Could we use the flow of blood in our veins to generate electricity?

Could we use the flow of blood in our veins to generate electricity?
 

 Humans have been harnessing the power of flowing water for many years: the first water wheels had appeared in Egypt as far back as the 4th century BC, and in the modern era 16% of the world’s electricity production is down to hydroelectric power (thanks mainly to huge projects like the Three Gorges Dam in China.) But now an intriguing new application of carbon nanotubes may allow us to generate power from the flow of a different liquid — human blood. 
 
 A research team from Fudan University in China have developed a type of fibre, less than 1mm thick, that can generate electricity when it’s surrounded by saline solution — such as water in a thin tube, or even human blood in a blood vessel. They detail the findings in a paper, A One-Dimensional Fluidic Nanogenerator with a High Power Conversion Efficiency, published in the journal Angewandte Chemie in August. 
 
 The fibre operates in an interesting way. Carbon nanotubes are electroactive, which means that they change shape in the presence of an electrical field. When the fibre is placed in a flowing saline solution, such as water or blood, the relative movement between the solution and the fibre creates a potential difference (voltage) across the fibre: it changes the charge distribution on the nanotube, which can be used to drive a current. The power conversion efficiency when operating at its best was 22.3% for the device: high compared to many nanogenerators.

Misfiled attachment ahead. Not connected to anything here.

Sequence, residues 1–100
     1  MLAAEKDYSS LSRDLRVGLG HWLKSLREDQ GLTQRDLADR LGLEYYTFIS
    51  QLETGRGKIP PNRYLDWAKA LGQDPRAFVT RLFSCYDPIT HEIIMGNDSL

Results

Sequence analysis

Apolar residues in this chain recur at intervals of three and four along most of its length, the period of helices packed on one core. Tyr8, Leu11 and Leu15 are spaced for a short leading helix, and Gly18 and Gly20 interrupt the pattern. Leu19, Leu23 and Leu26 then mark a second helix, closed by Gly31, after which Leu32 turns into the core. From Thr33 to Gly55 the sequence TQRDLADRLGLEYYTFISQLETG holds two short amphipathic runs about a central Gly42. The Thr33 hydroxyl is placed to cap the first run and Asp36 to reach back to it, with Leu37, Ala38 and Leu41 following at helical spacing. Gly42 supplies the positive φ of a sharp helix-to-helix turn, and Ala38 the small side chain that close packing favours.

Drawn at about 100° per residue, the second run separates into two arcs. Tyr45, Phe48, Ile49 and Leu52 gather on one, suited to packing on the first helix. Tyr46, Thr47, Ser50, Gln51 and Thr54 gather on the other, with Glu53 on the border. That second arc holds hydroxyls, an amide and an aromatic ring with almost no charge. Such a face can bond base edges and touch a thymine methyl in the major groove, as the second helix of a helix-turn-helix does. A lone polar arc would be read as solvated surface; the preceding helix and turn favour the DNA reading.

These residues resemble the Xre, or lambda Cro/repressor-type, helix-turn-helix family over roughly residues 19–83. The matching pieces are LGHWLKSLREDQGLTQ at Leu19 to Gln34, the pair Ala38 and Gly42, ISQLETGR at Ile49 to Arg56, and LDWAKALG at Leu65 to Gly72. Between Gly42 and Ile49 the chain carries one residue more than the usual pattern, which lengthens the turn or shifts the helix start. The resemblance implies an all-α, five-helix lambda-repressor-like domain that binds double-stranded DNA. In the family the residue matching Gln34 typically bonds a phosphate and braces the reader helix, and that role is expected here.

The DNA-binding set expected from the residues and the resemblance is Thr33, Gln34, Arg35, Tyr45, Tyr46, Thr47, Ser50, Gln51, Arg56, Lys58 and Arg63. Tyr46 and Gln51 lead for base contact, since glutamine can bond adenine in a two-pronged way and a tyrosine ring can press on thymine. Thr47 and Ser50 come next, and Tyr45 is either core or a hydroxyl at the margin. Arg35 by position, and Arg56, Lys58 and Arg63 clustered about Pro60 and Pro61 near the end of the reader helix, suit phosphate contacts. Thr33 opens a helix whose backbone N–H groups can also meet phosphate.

It’s unlikely that you’ll be able to plug your smartphone into a USB port on your body and power it merely using the blood-flow any time soon — not that you’d want to, as the idea of vampiric electricity sounds just a little bit terrifying. This technology could be useful, however, for medical applications — if the fibres could be used to power nanobots in the blood, for example, it might make such treatments more feasible in the future. Due to the flexibility of carbon nanotubes, which can be woven into fabrics, this may also allow wearable tech to recharge itself, if the efficiency could be improved.

This story originally appeared on pionic.org.